Sidestepping Miranda

Several years ago I wrote an article going after an appellate court decision out of Washington that, in short, allowed police (in that State, at least) to sidestep the Fourth Amendment and obtain evidence they otherwise wouldn’t have been able to get while still abiding by the Constitution. Here, the focus is shifting to the Fifth Amendment and how police were able to get a confession from two suspects, who were also minors at the time of their arrests, without actually talking to them.

The case in question comes out of Florida on a habeas corpus petition to the Court of Appeals for the Eleventh Circuit. In that case, then-16 year-old Jimmie Bowen shot and killed a rival gang member, shot and wounded a second adult, and shot and killed a 10 month-old infant sitting in that second adult’s lap. Bowen and his getaway driver, 17 year-old Bernard Jones, were fingered by one of Bowen’s associates, and they were arrested.

Upon an attempt at questioning, in a very smart move typically not seen out of youths, let alone gang members, Bowen lawyered up and the interrogation ended before it could go anywhere. But here’s where things get shaky: police put Bowen and Jones in the same room pending transfer to a juvenile detention facility. That room was monitored by security cameras with audio recording, and Bowen and Jones started discussing the incident, in short giving police… everything they would need to more-or-less guarantee a conviction.

Quoting the Eleventh Circuit discussing the trial motion to suppress their conversation (note: Solis is the arresting officer):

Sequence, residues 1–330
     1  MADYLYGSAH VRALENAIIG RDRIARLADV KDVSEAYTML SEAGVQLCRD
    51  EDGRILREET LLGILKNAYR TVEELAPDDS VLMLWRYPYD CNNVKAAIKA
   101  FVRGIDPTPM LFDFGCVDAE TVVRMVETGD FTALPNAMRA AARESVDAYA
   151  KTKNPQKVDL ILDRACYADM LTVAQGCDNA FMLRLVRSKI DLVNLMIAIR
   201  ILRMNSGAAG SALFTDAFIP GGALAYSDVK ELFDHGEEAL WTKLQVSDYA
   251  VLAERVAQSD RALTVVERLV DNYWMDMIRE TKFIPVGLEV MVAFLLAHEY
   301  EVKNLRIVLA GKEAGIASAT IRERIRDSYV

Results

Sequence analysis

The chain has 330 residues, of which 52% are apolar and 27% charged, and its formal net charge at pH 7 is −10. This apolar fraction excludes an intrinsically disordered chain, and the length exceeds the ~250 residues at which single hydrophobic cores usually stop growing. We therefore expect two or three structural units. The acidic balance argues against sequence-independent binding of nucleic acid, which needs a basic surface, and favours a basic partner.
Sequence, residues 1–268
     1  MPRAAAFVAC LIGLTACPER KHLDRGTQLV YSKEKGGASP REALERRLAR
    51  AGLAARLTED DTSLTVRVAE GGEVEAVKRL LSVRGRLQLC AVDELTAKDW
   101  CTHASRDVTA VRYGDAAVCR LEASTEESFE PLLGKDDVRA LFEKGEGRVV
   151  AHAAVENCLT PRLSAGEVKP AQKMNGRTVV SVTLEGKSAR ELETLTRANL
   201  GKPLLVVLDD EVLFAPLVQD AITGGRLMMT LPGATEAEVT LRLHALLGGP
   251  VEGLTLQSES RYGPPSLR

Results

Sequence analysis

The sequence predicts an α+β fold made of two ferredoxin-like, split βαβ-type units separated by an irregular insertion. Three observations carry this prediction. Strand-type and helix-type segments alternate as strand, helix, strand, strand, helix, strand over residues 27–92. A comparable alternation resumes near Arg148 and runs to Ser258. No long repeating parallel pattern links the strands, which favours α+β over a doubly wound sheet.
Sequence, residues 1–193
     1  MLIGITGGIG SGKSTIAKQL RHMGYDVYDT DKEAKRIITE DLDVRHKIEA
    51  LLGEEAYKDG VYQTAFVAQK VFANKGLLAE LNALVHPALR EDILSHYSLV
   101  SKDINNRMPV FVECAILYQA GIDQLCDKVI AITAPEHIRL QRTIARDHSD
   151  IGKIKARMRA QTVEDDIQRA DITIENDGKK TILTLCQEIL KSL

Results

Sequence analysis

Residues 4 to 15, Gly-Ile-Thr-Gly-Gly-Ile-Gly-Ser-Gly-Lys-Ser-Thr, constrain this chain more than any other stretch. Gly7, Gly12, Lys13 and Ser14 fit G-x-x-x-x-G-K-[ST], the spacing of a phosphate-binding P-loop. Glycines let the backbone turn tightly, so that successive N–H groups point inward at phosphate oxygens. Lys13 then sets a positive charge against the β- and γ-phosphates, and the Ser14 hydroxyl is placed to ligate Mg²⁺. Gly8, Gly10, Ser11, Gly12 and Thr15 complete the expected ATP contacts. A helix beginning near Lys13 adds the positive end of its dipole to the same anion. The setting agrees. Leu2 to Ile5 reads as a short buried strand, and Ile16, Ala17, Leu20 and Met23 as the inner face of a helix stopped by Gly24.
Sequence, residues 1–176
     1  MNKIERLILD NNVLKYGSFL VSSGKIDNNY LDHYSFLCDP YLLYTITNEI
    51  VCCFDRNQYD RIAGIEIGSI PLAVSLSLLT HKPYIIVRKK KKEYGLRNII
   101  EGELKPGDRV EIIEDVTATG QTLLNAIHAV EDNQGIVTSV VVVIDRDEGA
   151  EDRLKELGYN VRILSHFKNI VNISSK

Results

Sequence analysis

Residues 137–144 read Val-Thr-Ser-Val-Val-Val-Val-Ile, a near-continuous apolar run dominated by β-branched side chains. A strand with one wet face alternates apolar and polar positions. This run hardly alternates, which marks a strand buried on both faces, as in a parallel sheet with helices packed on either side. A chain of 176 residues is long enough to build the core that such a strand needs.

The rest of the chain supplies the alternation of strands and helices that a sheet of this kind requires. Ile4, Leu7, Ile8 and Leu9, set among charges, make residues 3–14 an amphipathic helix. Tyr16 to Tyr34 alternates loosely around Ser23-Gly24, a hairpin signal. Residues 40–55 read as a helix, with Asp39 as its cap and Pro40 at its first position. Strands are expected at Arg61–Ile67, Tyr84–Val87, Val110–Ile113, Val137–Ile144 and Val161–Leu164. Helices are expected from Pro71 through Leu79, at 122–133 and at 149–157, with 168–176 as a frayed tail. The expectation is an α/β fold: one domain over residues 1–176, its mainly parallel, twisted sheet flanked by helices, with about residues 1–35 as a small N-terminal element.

At the suppression hearing, Solis shared several motivations for putting Bowen and Jones in the room together. He first testified that it was so they could await transportation to the Juvenile Assessment Center. But he later admitted to recognizing that the two suspects might speak to each other about the murders—indeed, hoping they would—and conceded that this possibility informed his decision to put them in the same room.

The trial court denied the motion to suppress, and that was used as a basis for appeal. After exhausting all State-level options, Bowen appealed to the United States District Court for the Southern District of Florida for habeas corpus relief. And the District Court ruled that Bowen’s Miranda rights were violated. But the Eleventh Circuit reversed.

I’ve written on Miranda numerous times, stating specifically that the Fifth Amendment only protects you from being compelled to self-incriminate, and that it offers no protection when you willingly do so. And with Bowen and Jones, I fully agree there was no compulsion to self-incriminate.

But there’s another question to ponder: what is the likelihood Bowen and Jones would have self incriminated had the police not put them in the same room?

Bowen (and also his mother) asserted his Fifth Amendment rights before being placed into an environment where a confession was expected. It was the actions of the police that led to the confession, not anything Bowen did of his own free will. Had Bowen and Jones not been placed in the same room, it’s likely there never would’ve been any confession.

But as the Eleventh Circuit noted in their decision, Solis put them in the same room hoping they’d talk to each other. The officer hoped to get everything that could have come from an interrogation without needing to actually interrogate. To get everything that could have come from an interrogation after Bowen had asserted his Miranda rights.

The officer intentionally attempted to sidestep Miranda and the Fifth Amendment. And the trial court and now the Eleventh Circuit let it stand.

If this case is appealed to the Supreme Court, I hope they grant certiorari and emphasize that point specifically and rule that Bowen’s Miranda rights were violated. The police should not be allowed to create the environment in which a person willingly self-incriminates after that person has invoked their rights.